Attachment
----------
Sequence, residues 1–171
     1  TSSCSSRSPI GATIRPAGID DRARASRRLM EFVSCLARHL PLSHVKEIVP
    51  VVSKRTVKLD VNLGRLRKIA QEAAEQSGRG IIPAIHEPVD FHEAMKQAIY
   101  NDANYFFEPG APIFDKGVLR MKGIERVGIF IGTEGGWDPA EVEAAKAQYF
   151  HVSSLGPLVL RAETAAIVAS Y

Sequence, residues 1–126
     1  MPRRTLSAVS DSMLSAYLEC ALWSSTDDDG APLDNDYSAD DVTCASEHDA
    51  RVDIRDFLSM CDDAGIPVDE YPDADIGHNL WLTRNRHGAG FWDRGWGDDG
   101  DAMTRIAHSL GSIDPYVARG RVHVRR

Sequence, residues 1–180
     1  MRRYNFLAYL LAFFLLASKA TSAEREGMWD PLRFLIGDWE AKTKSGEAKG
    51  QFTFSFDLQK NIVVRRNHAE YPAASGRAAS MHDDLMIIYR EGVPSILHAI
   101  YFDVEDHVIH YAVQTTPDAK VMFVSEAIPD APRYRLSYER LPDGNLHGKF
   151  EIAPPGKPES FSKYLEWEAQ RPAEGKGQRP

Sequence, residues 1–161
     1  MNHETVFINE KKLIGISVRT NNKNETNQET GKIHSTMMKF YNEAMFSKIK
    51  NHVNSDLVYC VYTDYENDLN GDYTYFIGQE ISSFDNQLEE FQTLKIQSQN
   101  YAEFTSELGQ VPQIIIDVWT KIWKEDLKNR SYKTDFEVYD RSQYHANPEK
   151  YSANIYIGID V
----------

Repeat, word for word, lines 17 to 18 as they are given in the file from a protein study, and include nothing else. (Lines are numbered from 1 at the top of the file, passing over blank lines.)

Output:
    51  NHVNSDLVYC VYTDYENDLN GDYTYFIGQE ISSFDNQLEE FQTLKIQSQN
   101  YAEFTSELGQ VPQIIIDVWT KIWKEDLKNR SYKTDFEVYD RSQYHANPEK